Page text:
A TM saves “segments” of text – a word, phrase, sentence, paragraph – along with its translation in the target language. When a translator begins working on a new project, the TM software compares the source text to the content in the TM database. (Note that TM is not machine translation or an AI tool.) If there are any matches, the software suggests the pre-translated content. The translator reviews the suggestion, and can choose to reuse the previously translated segment, either in its entirety or with minor modifications to account for any differences in context or phrasing. The TM not only leads to a more efficient process but ensures consistent terminology across all translated content.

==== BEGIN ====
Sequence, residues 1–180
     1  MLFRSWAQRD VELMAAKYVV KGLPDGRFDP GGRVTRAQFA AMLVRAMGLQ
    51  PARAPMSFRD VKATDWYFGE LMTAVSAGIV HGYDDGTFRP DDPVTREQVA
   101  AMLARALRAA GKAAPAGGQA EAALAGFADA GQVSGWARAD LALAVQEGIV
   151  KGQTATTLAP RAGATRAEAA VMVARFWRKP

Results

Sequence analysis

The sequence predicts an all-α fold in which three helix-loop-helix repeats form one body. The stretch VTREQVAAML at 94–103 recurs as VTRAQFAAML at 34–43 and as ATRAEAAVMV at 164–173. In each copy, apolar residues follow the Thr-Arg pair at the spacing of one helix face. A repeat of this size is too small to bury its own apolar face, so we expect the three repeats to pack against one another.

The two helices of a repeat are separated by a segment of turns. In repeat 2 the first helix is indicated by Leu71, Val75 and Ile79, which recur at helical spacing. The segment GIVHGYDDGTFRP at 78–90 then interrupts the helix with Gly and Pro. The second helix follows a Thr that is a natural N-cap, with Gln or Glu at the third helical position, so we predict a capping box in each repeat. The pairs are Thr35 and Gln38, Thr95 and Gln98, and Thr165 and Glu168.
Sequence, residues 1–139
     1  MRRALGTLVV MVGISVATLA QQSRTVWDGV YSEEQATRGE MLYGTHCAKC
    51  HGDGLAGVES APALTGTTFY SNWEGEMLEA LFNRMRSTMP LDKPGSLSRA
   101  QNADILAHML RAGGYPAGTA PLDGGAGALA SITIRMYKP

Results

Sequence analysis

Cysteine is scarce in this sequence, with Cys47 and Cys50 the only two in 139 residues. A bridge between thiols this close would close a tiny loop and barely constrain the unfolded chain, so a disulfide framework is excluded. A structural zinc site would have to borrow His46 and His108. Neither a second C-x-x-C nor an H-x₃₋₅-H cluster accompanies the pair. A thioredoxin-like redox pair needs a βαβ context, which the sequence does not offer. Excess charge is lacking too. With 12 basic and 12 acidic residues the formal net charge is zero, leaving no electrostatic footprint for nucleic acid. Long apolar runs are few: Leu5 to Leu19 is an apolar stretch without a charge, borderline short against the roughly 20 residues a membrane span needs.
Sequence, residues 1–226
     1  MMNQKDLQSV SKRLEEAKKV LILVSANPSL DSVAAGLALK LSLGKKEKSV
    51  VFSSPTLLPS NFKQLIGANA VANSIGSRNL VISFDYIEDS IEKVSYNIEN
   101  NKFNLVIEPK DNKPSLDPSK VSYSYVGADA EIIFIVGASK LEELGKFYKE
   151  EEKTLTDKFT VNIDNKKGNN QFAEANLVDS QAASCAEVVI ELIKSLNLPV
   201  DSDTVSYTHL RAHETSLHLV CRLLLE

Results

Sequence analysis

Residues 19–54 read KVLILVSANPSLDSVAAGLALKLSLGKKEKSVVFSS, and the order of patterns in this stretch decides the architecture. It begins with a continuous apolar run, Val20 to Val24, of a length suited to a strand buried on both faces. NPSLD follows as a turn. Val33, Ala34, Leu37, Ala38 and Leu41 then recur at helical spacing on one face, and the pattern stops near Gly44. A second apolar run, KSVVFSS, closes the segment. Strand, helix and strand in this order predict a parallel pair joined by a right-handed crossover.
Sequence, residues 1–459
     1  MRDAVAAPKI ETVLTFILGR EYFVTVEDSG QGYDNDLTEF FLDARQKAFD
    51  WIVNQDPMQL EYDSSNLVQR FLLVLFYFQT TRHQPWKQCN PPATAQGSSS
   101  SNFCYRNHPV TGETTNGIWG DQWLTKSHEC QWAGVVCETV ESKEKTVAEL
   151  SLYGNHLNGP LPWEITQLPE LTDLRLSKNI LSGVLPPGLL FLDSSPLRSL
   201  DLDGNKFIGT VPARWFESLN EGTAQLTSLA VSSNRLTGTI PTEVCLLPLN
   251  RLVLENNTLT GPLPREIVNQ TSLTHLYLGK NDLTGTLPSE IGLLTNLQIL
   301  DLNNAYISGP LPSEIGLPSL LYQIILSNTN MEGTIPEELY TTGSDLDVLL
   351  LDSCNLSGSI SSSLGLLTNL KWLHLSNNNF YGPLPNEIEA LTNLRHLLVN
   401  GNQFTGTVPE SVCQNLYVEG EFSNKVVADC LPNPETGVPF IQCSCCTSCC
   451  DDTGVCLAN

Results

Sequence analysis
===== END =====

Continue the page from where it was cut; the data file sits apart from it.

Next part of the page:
The TM progressively builds a robust database of translated content, which can then be reused in future translation projects. As a result, over time, the translation process becomes faster and more accurate, and the translated content more consistent.
Types of Content That Can Benefit From Translation Memory
While most content can benefit from TM, certain types of content are particularly well suited to the tool. These include:
- Product descriptions and technical documentation. Product listings and catalogs, along with manuals, user guides, instructions, and product specifications often contain repetitive phrases and terminology, making them ideal candidates for TM, as the translated segments can be reused across multiple channels. As this material undergoes periodic updates, a good percentage of text will often remain consistent year over year.